We cared and we set about doing something about it.

Derbyshire Families Association members outside Downing Street

Members of the Derbyshire Family Association pictured outside Downing Street on 14 December 1990. The group includes Paul Lambert (on the right), Chairman of the DFA, Eddie Loyden MP (centre with hat) and John Prescott MP, then the Opposition Spokesman for Transport.

After 20 years of campaigning we eventually got a re-opened formal investigation into the cause of the loss of the MV Derbyshire, ordered by the John Prescott, then the Deputy Prime Minister, and the Secretary of State for Transport.

John Prescott (now Lord Prescott) also allowed the Derbyshire families to choose our own legal and technical team of experts so we, at last, would now be on a level playing field with the other interested parties - we did and got the best.

The re-opened inquiry held before High Court Judge Sir Anthony Colman in the High Court completely exonerated the crew of any blame, and complimented them for the safety regime that they put in place around the deck cracking at Frame 65. The failure of the mushroom ventilators on the bow led to water flooding in, leaving MV Derbyshire increasingly vulnerable to a hatch breaking wave - when it came, that was the start of the her sinking.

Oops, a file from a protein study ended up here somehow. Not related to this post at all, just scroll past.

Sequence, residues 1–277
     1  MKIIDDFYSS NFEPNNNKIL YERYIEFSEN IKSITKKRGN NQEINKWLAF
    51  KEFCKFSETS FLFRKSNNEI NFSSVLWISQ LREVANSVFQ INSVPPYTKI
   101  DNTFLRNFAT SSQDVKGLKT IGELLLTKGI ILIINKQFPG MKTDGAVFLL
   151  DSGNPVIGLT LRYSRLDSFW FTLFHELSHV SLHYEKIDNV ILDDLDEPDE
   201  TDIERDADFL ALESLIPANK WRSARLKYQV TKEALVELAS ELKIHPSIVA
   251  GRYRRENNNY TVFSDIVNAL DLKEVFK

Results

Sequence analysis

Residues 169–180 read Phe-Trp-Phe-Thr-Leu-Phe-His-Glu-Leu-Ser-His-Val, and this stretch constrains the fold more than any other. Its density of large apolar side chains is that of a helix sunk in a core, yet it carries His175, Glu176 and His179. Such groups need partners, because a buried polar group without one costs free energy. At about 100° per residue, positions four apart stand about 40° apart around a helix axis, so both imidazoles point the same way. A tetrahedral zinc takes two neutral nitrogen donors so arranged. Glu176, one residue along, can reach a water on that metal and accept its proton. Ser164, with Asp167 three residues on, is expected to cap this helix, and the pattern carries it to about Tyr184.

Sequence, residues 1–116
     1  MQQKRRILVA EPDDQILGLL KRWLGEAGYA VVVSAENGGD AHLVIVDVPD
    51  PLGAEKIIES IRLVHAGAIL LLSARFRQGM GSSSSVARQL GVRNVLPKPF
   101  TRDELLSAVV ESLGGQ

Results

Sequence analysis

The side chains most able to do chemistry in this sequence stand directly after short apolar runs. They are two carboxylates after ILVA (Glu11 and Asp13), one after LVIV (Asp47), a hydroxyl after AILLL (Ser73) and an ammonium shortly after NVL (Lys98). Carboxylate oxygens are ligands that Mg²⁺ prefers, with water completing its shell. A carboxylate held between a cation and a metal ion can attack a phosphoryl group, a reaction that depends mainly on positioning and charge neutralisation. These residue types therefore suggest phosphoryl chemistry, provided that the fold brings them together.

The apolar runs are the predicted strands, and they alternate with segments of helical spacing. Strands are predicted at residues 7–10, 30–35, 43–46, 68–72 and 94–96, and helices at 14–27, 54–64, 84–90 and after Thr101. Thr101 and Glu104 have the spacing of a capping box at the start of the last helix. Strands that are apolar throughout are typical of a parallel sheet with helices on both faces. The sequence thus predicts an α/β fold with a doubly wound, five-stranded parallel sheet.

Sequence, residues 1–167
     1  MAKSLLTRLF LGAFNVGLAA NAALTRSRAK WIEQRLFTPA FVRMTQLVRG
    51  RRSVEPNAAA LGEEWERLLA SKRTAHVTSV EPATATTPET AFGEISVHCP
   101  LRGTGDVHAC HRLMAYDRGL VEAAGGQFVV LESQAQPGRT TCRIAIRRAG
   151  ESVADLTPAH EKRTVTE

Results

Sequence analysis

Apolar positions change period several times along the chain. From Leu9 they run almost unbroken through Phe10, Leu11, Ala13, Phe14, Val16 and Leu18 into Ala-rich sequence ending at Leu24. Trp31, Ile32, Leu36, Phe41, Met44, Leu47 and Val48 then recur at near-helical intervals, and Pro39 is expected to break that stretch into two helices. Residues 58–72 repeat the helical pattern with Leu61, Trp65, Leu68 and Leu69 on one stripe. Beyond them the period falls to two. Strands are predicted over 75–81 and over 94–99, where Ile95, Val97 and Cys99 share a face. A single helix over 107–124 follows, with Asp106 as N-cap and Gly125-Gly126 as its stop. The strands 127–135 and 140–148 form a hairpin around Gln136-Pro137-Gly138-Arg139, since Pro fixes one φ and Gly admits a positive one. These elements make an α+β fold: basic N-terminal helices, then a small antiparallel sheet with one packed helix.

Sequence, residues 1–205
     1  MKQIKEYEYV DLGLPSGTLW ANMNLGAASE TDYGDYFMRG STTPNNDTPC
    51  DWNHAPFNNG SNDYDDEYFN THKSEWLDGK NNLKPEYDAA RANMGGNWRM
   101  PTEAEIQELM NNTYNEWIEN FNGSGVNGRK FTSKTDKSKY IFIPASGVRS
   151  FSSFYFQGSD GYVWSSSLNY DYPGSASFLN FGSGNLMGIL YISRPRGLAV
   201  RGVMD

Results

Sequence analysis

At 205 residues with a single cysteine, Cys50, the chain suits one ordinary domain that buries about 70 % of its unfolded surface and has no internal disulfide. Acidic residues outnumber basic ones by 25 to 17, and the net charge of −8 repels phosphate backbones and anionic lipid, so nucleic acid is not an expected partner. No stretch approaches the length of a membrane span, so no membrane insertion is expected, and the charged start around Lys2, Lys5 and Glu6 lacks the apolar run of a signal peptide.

The story of the Derbyshire Family Association's campaign to discover the truth about the sinking of MV Derbyshire is told in the new Life on Board gallery at Merseyside Maritime Museum.

large container ship at sea

MV Derbyshire. Copyright HMSO, reproduced with kind permission

Improvements to ship safety

What about safety? Well, the families, as well as the other parties involved in the inquiry, were invited by the Judge to put forward any recommendations that they believed would make ships safer - we put 25 recommendations forward through our experts.